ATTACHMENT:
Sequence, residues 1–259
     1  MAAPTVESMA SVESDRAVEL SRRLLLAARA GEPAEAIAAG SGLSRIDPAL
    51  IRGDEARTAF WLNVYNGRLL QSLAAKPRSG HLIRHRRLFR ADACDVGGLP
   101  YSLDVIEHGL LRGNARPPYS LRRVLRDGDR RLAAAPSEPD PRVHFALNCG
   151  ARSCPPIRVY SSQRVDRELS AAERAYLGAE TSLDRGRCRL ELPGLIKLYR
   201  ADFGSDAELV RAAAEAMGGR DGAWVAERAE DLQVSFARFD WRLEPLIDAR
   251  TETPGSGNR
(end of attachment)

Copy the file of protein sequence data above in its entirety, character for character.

Sequence, residues 1–259
     1  MAAPTVESMA SVESDRAVEL SRRLLLAARA GEPAEAIAAG SGLSRIDPAL
    51  IRGDEARTAF WLNVYNGRLL QSLAAKPRSG HLIRHRRLFR ADACDVGGLP
   101  YSLDVIEHGL LRGNARPPYS LRRVLRDGDR RLAAAPSEPD PRVHFALNCG
   151  ARSCPPIRVY SSQRVDRELS AAERAYLGAE TSLDRGRCRL ELPGLIKLYR
   201  ADFGSDAELV RAAAEAMGGR DGAWVAERAE DLQVSFARFD WRLEPLIDAR
   251  TETPGSGNR